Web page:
Modifying the rods and cones in our eyes to respond to additional wavelengths/energies would be one thing. Modifying our brains to interpret this information is a completely different task, one I would venture that would be impossible.
 
  • #16


I always hate using the word impossible, but I have to agree it would takes some serious genetic engineering to actually make us see it, rather than see it in a fashion that was visible to us, of course not even Jordies visor does that.
 
  • #17


Hmm this sounds a bit like a philosophy problem that it's impossible to 'see' reality because everything is just interpreted by a sensing system. Also nobody knows if someone else's blue 'looks' red or visa-versa...

On to the logistical problems, seeing heat might be possible but short wavelength gamma rays pretty much go through anything, so they'd be pretty difficult to detect. Also if the wavelength of radiation is larger than the pupil then it won't reach the retina...
 
  • #18


reasonableman said:
Hmm this sounds a bit like a philosophy problem that it's impossible to 'see' reality because everything is just interpreted by a sensing system. Also nobody knows if someone else's blue 'looks' red or visa-versa...

On to the logistical problems, seeing heat might be possible but short wavelength gamma rays pretty much go through anything, so they'd be pretty difficult to detect. Also if the wavelength of radiation is larger than the pupil then it won't reach the retina...

It is a philosophical area, see the hard problem, consciousness issues and so on for more details. Obviously this is not the place for those discussions.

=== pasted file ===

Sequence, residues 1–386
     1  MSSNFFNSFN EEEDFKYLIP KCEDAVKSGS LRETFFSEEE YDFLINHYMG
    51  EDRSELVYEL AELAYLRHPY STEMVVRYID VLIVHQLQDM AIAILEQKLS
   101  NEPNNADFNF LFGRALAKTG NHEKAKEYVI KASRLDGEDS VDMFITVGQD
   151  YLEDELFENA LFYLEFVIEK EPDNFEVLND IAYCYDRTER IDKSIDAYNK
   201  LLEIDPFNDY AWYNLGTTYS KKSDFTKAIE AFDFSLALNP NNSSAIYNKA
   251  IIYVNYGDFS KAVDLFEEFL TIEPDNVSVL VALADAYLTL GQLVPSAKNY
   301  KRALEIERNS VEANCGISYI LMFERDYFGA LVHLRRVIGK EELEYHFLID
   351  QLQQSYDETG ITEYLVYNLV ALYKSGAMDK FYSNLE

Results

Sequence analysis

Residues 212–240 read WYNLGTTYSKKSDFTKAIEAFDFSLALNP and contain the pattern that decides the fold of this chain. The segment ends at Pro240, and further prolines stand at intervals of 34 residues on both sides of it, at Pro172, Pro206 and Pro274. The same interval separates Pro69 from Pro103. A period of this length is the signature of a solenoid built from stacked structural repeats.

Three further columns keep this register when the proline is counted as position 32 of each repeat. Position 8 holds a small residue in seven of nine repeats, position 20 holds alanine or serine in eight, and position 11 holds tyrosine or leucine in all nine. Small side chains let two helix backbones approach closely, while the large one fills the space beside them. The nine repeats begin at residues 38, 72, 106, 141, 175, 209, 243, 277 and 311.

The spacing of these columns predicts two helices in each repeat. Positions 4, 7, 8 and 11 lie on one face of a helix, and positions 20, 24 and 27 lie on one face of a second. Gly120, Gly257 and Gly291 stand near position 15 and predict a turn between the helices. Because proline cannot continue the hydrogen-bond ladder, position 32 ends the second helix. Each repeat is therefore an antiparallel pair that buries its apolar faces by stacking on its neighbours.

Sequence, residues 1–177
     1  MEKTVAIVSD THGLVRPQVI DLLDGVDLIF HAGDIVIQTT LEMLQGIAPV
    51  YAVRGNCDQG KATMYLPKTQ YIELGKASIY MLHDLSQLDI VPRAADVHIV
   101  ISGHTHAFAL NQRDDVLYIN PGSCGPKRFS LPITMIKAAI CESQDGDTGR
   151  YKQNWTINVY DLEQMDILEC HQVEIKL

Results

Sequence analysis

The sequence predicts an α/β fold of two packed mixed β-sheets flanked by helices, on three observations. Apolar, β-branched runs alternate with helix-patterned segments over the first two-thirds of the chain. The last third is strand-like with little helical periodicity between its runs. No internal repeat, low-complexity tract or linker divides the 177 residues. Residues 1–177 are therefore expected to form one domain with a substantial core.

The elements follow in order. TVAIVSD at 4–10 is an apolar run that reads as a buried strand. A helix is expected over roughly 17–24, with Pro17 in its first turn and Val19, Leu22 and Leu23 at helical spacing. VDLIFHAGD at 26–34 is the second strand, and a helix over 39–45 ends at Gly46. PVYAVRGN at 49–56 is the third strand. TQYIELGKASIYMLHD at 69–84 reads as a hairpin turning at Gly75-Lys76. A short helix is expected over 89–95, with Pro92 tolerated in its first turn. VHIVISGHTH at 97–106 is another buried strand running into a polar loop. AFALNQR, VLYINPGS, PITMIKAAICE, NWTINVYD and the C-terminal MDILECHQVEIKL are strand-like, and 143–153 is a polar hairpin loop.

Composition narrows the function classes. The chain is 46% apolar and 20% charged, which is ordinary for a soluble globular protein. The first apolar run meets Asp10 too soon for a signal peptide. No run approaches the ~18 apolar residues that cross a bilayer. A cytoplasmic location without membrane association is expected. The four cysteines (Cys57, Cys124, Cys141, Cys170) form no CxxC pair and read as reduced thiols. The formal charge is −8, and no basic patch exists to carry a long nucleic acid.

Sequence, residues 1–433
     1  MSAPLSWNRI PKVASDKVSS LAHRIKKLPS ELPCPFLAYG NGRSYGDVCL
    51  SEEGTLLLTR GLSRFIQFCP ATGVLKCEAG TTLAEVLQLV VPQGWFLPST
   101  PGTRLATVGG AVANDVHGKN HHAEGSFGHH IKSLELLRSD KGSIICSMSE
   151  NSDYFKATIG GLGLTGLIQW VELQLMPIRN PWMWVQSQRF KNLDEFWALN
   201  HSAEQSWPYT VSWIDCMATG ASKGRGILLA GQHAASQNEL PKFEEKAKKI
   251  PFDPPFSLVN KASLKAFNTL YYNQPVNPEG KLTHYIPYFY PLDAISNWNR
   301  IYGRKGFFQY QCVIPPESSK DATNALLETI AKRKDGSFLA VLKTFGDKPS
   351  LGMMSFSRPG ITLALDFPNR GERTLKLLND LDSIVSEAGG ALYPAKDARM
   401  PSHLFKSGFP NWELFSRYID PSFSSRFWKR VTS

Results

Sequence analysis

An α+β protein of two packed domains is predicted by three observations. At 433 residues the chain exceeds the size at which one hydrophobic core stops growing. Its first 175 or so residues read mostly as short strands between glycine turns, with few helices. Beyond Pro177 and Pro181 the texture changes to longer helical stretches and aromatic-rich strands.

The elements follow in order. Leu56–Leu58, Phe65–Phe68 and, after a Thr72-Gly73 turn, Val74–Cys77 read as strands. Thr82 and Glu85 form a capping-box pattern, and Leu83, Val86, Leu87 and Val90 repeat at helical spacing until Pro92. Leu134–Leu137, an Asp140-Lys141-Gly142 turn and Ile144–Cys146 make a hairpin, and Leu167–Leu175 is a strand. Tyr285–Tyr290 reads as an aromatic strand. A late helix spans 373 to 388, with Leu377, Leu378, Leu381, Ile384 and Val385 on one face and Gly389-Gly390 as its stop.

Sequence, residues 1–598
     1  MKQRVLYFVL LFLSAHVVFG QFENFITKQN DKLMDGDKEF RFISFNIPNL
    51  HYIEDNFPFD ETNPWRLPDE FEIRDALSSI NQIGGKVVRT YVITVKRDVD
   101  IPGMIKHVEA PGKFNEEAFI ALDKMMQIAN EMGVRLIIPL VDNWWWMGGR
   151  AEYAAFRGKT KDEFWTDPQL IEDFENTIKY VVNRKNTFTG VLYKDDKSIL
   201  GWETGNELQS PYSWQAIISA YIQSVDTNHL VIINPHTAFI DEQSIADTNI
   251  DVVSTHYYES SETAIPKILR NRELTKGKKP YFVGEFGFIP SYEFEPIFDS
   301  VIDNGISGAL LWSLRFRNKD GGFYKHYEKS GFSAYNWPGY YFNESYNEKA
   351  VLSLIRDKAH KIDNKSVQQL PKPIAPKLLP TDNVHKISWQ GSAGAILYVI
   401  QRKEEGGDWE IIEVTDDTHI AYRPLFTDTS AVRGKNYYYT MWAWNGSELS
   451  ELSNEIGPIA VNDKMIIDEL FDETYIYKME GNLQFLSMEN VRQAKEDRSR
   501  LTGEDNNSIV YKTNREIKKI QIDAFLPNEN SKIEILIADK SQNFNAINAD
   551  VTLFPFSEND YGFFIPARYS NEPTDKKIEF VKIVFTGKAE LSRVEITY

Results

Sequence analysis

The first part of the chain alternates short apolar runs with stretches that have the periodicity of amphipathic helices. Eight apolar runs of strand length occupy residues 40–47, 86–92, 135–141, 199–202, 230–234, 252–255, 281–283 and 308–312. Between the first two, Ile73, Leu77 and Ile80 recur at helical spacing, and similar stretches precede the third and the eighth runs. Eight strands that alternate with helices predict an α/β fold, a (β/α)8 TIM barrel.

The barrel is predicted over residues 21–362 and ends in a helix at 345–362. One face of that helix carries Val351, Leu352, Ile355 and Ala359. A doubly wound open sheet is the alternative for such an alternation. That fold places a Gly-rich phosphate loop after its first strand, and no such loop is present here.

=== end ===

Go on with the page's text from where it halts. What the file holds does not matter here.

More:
But The Threefold Chord: Hilary Putnam is a good overview of the problems facing philosophy of science in this area. And googling qualia wouldn't go a miss.
 
  • #19


For all we know, the brain's conceptual color spectrum could be extended by growing some new meat. It's an unknown, but the kind of peripheral thing that might in fact be simple.
 

Related to How does a photon actually carry an image

What is a photon?

A photon is a fundamental particle that carries electromagnetic energy. It is the basic unit of light and has zero mass and no electric charge.

How does a photon carry an image?

A photon carries an image by interacting with the atoms in an object and reflecting off of it. These reflected photons then enter our eyes and are interpreted by our brain as an image.

What role does wavelength play in the photon's ability to carry an image?

The wavelength of a photon determines its energy and determines the color of the light. Different wavelengths of light are necessary for carrying different colors, which are essential for creating an image.

How does a photon interact with other particles to carry an image?

When a photon hits an object, it can be absorbed, scattered, or reflected. The way in which a photon interacts with an object determines how we see the image of that object.

Can a photon carry an image in a vacuum?

Yes, a photon can carry an image in a vacuum. Light can travel through a vacuum because photons do not need a medium to propagate. This is why we can see stars and other objects in space without any atmosphere.